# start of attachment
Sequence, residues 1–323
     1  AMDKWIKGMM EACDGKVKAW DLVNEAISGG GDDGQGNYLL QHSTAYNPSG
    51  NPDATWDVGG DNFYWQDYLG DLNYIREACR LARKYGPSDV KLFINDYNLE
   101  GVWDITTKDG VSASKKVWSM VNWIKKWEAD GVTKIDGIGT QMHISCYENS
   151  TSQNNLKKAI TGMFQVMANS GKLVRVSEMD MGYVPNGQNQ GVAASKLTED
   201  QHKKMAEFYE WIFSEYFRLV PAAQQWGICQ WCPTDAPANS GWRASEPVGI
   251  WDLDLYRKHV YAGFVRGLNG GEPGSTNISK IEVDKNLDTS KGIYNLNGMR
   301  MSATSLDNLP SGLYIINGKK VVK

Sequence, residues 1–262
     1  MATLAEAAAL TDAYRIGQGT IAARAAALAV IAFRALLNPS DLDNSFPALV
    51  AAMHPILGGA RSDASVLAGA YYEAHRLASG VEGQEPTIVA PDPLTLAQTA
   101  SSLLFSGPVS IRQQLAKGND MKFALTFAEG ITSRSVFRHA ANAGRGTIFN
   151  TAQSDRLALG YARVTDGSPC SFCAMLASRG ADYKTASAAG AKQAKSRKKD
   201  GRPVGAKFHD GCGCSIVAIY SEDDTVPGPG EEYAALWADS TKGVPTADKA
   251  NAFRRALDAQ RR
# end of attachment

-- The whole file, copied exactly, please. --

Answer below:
Sequence, residues 1–323
     1  AMDKWIKGMM EACDGKVKAW DLVNEAISGG GDDGQGNYLL QHSTAYNPSG
    51  NPDATWDVGG DNFYWQDYLG DLNYIREACR LARKYGPSDV KLFINDYNLE
   101  GVWDITTKDG VSASKKVWSM VNWIKKWEAD GVTKIDGIGT QMHISCYENS
   151  TSQNNLKKAI TGMFQVMANS GKLVRVSEMD MGYVPNGQNQ GVAASKLTED
   201  QHKKMAEFYE WIFSEYFRLV PAAQQWGICQ WCPTDAPANS GWRASEPVGI
   251  WDLDLYRKHV YAGFVRGLNG GEPGSTNISK IEVDKNLDTS KGIYNLNGMR
   301  MSATSLDNLP SGLYIINGKK VVK

Sequence, residues 1–262
     1  MATLAEAAAL TDAYRIGQGT IAARAAALAV IAFRALLNPS DLDNSFPALV
    51  AAMHPILGGA RSDASVLAGA YYEAHRLASG VEGQEPTIVA PDPLTLAQTA
   101  SSLLFSGPVS IRQQLAKGND MKFALTFAEG ITSRSVFRHA ANAGRGTIFN
   151  TAQSDRLALG YARVTDGSPC SFCAMLASRG ADYKTASAAG AKQAKSRKKD
   201  GRPVGAKFHD GCGCSIVAIY SEDDTVPGPG EEYAALWADS TKGVPTADKA
   251  NAFRRALDAQ RR